ALMOST 240,000 individuals in lower income families could benefit from a refundable tax credit scheme proposed to Government.
The radical plan would see earners on less than €15,000 a year receive average end-year payments of nearly €1,000 under the Social Justice Ireland proposal.
Trade union bosses as well as politicians gave their backing to the potential scheme yesterday, ahead of its submission to the Government.
Under the plan, low-income earners who do not avail of tax credits because their incomes are so low would get cash refunds, according to the anti-poverty campaign group. The move would aid struggling families who do not benefit from tax credits like higher earners, said the group’s director, Fr Sean Healy: “Our proposal to make tax credits refundable would make Ireland’s tax system fairer, address part of the working poor problem and improve the living standards of a substantial number of people in Ireland.”
Refunding tax credits to low earners would cost the Exchequer around €140 million a year as opposed to up to the €3 billion estimated by the Department of Finance. The most common tax credit refunds would be between €800 to €1,000, said the group.
Irish Congress of Trade Union general secretary David Begg gave his backing to the plan: “It seems to me that it’s not challengeable on social policy grounds at all,” he said.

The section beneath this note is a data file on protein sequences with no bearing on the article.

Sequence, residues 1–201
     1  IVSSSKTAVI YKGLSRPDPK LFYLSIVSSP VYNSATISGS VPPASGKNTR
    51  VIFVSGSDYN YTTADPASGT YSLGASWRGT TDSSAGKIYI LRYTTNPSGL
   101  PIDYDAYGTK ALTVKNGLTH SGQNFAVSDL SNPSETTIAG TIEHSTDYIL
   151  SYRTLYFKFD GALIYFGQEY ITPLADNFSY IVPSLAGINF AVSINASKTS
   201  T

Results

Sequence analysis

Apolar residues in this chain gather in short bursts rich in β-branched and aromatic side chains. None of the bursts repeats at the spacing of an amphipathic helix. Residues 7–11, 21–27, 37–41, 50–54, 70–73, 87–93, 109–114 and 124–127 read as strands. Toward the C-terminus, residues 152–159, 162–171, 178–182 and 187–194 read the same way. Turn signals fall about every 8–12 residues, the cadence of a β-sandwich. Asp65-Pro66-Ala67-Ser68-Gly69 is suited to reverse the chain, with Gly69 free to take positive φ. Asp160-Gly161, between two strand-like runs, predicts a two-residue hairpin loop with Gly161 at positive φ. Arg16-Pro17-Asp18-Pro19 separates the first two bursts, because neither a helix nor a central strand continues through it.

Government coalition partners the Green Party also backed the landmark proposal. Party finance spokesman Dan Boyle said Finance Minister Brian Lenihan should give full consideration to the proposal.
“In a budget where many further difficult decisions have to be made, advances must also be progressed in protecting the poor in society,” said the Cork senator.
The refunded unused tax allowances would benefit some 113,000 low-income earners and a further 127,000 of their family members under the plan.
Individuals must be at least 23 years of age, have unused personal and PAYE tax credits and have been in paid employment having earned at least €4,000 a year, according to the proposed scheme.
Fr Healy added: “No cost would arise of any kind for employers. The person claims it at the end of year from the Revenue Commissioners using a system already in place.”
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